Thursday, February 24, 2011

What's on the table?

Growing in darkness, it expanded silently in its earthy home until the autumn day when it was pulled and stored in coolness in preparation for being eaten.  Last Wednesday, it arrived in my veg box delivery.  A huge, misshapen, grubby, ugly lump.  Celeriac.  It's quite a humble vegetable, in appearance and in behaviour.  It takes on the flavour of other vegetables quite easily when they're cooked together, though it does retain a tiny vestige of its buttery light celery taste.  I peeled and chopped the entire thing, steaming it for a few minutes before adding it to Earth Casserole.  Tangy and raw, beetroot carrot salad was a perfect partner to this casserole.

We have devoured rice this week as if it's never going to be seen again!  Our meals have included:  beans and vegetable rice [full of broccoli and carrots]; a Daddy-cooked Sunday dinner of vegetable chilli and rice; and a massive stockpot full of chicken biryani [Iranian/South Asian rice-based dish] with red lentil dhal on the side.  The chicken in the biryani was the merest hint; we might have had two or three mouthfuls of chicken each.  It's more authentic that way.  My biryani recipe came from a Pakistani friend many years ago.  She used chunks of mutton, not chicken.  On the bone.  And each plateful of biryani boasted, on average, two large chunks of this oily, most interesting meat.  So I think chicken remains a nicely flavourful, non-sheep-or-goat-like alternative.  

For the biryani, you take ten to fifteen black cardamom pods (you can use green if you prefer but the flavour will be slightly different) and crack them open with a mortar and pestle, just crushing them lightly.  Add these -pods and seeds- to olive oil, a few chopped onions and some crushed garlic in a good-sized stock pot.  Saute all of this for two or three minutes, adding in about twenty whole cloves, also cracked and slightly crushed by the mortar and pestle.  The beauty of real biryani is biting into a whole piece of clove and experiencing the incredible burst of flavour that accompanies it!  If you like, you can also break a cinnamon stick in half and throw both halves into the onion mixture.  When you can scent the aroma of all three spices rising from the cooking onions after about three or four minutes, stir in three cups of brown basmati rice.  [You can use regular brown rice.  However, you'll only arrive at the true north Indian flavour with basmati rice.  It has a strong smell, different for anyone accustomed to bland rice but beautifully aromatic.] You can also throw in cooked chicken or another meat at this point, or chickpeas if you'd rather use them.  Pour boiling water over the rice and add two to three teaspoons of freshly ground [get out that pestle and mortar again!] black peppercorns.  For this amount of rice, I usually use about a tablespoon of pepper.  This makes it quite deliciously spicy.  "Real" biryani is very oily and quite strongly flavoured; in order to capture some of this, you have to overdo the spices.  Feel free to add more than the amounts I've stated here if you think it might be more to your taste.  I also add more olive oil than I would normally use in most dishes.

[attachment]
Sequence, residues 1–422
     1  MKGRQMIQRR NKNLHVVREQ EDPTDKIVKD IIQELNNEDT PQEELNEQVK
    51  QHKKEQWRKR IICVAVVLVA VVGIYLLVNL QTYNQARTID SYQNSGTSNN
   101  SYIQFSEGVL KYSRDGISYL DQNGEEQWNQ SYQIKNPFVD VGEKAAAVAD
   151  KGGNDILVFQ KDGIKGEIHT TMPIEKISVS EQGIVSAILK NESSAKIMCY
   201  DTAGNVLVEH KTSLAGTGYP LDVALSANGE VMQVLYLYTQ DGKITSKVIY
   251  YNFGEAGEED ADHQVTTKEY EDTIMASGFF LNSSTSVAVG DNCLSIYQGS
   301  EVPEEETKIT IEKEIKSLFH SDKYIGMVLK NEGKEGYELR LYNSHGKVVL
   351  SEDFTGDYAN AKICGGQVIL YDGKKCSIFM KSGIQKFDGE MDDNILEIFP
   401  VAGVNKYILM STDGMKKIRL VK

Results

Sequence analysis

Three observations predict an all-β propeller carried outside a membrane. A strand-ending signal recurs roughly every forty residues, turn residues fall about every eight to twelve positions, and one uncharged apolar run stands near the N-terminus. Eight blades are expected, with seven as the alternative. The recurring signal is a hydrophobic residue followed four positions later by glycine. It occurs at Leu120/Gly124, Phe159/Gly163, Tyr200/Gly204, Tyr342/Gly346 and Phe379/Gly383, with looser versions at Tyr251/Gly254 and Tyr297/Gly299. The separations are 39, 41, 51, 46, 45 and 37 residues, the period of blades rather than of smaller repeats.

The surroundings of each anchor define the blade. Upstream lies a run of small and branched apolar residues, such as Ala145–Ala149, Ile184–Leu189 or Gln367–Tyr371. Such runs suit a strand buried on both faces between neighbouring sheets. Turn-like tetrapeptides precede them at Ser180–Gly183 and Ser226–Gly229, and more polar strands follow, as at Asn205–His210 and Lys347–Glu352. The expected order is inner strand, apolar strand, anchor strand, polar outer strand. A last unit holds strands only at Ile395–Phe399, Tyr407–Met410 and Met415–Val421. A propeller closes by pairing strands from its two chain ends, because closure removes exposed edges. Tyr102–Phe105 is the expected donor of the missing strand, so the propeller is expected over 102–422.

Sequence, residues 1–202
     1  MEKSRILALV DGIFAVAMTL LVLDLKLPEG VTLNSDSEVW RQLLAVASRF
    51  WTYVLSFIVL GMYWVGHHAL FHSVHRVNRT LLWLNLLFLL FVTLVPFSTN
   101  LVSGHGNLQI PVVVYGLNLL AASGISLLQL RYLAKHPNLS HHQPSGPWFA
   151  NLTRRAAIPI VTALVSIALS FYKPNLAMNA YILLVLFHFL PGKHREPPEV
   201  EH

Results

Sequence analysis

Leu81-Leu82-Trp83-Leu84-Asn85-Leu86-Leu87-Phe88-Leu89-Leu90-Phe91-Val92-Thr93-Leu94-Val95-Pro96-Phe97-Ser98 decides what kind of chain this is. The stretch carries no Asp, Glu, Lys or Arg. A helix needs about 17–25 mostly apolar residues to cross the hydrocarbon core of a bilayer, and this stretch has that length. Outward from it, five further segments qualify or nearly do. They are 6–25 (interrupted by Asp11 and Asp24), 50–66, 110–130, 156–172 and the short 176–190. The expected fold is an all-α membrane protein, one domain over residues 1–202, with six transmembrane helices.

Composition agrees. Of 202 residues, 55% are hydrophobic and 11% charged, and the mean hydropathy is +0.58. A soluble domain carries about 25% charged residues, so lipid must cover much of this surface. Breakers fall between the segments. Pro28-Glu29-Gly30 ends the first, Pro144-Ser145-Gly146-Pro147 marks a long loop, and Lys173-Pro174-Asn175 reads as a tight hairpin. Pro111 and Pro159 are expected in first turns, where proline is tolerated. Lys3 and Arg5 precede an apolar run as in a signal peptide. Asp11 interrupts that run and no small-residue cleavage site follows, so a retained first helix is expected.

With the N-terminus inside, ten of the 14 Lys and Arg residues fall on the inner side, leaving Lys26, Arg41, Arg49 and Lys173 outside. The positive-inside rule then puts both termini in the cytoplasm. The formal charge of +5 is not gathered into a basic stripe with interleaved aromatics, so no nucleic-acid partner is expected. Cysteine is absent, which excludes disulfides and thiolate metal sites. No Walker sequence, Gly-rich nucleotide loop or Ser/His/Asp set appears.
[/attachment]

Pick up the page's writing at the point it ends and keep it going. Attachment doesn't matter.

What's on your table this week?  Leave me a comment with a description of a recent favourite meal - either one you cooked, ate out, or one that was cooked for you! 

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